Adrian Dean served his apprenticeship as a wooden boatbuilder with Jock Muir of Hobart, and from 1967 worked as a teacher in craftwork and outdoor education as well as a professional designer specialising in sea kayaks. He was a consultant in the design of the sail-training ships Leeuwin and One and All in the 1980s. In 1992 he began working at the Wooden Boat Centre at Franklin, and it was during this time that he designed “Franklin”. The name is something of a double-entendre with the region for which the boats were well-known on the West Coast, as well as the region where he now worked (and, coincidentally, around which the type was probably developed). In 1997 he built a much larger punt, the 19ft Princess (see No. 20).
TEEPOOKANA (named after the former port at the entrance to the King River east of Strahan) was an early project of the then-recently formed Wooden Boat Guild of Tasmania. She was built to a very high standard, and her keel batten in particular is somewhat thicker than traditional west coast punts. TEEPOOKANA has been in continual use as a recreational vessel by the Guild at its events, on display at events such as the Australian Wooden Boat Festival, and on a semi-commercial basis as a film prop.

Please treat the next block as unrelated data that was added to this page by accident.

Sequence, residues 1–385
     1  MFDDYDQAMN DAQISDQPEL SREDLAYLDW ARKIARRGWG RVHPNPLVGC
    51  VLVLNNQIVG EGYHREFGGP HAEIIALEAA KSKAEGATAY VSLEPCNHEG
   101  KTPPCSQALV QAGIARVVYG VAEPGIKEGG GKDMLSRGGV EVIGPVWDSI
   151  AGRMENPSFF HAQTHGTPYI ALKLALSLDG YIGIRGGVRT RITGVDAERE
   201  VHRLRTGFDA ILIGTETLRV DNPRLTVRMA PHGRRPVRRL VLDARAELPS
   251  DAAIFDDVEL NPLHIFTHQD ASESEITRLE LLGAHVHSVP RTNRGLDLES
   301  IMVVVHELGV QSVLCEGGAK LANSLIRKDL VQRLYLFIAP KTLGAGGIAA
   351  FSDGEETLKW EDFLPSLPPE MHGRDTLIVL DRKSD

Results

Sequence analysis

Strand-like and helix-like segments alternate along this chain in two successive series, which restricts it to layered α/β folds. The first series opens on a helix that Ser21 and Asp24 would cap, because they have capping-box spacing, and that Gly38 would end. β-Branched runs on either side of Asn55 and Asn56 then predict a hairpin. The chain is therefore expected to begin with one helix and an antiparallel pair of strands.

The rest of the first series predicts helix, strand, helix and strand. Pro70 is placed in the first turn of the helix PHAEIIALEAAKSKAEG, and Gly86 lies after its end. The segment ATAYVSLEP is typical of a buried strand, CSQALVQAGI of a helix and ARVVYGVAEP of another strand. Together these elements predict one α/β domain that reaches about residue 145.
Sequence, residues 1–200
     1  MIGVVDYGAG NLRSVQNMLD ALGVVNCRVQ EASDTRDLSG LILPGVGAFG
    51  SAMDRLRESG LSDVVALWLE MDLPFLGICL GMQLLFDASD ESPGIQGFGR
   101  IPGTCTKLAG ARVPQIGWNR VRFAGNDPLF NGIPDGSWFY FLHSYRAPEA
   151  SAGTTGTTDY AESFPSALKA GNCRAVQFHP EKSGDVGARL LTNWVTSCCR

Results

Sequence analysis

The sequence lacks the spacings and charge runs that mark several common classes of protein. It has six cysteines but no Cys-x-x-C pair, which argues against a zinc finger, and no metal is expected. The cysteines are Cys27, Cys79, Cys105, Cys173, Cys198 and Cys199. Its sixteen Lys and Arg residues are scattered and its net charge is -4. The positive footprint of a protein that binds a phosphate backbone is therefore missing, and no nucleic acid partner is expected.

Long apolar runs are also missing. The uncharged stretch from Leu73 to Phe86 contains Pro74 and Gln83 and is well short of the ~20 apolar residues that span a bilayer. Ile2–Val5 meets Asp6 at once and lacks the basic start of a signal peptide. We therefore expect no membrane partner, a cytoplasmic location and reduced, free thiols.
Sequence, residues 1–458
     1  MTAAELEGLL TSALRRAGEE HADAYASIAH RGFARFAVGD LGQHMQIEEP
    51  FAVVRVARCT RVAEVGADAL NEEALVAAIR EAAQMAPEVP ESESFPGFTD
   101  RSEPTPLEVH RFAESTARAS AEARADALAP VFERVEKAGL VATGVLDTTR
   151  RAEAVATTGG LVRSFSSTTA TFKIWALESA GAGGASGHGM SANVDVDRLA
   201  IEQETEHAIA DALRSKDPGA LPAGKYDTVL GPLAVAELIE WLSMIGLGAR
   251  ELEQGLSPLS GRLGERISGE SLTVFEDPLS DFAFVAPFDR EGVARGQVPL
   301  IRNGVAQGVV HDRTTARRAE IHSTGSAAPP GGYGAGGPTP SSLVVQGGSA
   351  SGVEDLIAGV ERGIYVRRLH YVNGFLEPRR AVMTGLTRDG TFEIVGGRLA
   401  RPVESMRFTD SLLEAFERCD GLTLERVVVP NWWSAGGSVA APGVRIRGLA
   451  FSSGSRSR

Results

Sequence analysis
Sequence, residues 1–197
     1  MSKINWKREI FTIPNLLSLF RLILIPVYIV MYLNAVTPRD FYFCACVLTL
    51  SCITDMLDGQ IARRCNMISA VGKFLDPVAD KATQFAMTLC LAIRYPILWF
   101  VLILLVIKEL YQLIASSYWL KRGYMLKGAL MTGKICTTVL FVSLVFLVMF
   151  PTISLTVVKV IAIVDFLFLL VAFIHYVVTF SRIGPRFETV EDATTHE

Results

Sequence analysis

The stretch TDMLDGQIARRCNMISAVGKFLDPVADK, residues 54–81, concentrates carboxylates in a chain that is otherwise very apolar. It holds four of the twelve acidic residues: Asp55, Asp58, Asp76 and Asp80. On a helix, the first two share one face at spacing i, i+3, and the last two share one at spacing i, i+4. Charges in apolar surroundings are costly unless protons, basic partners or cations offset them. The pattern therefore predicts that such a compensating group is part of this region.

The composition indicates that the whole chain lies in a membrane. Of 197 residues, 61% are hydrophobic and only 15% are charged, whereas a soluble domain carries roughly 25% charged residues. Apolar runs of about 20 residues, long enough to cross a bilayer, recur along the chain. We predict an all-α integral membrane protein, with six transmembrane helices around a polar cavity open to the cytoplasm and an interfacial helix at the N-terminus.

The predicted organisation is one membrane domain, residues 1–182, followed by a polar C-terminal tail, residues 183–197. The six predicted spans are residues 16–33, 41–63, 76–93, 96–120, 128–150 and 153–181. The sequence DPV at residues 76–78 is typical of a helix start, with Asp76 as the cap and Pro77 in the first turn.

This rare Tasmanian has led a fortunate life, spending her first half century criss-crossing Hobart’s Derwent River and Melbourne’s Hobson Bay, but rarely getting wet. As a lifeboat she sat under canvas on the steam ferry S.S. Rosny, that was built by Frederick & Harry Moore at Kennedy’s Shipyard, Battery Point, and launched on 26 July 1913. Photographs in the Maritime Museum of Tasmania confirmed the lifeboat’s provenance: her proportions, lines, strakes and distinctive bow roundels. The clinker-build construction is Huon pine, with Blue gum keel and stems, the design being that of a traditional River Derwent utility workboat prior to the advent of compact marine engines. She’s a 15ft double-ender with plumb stems, flat sheer, and the 5ft 6in beam has the three beams to length hull ratio for good carrying power and seaworthiness. Three thwarts accommodate a total of four oarsmen, two off-set, and her flat keel and barn-door rudder enable pulling onto shore. In 1964 the 18th Launceston Sea Scouts [today’s 1st Tamar Sea Scout Group] launched her into a new career, as a training-cutter. They fitted a daggerboard, Sliding-Gunter rig with stem-mounted headsail, and she sails nicely. In her 100th year the current owner, Russell Kenery, gave her an overhaul, stripping her down to bare timber. Although her strakes were sound some dings were filled with epoxy, a little rot in her stems was cut out and made good, and she was completely re-caulked. The hull was recoated in two-part polyurethane, traditional White exterior and Cumberland Stone interior. As she had no name and given only four letters would fit the roundels on the bow, she was called TRIM after Matthew Flinders’ seafaring cat. The Australian National Maritime Museum has listed TRIM on the Australian Register of Historic Vessels (number HV000596), based on significance, completeness, provenance and rarity.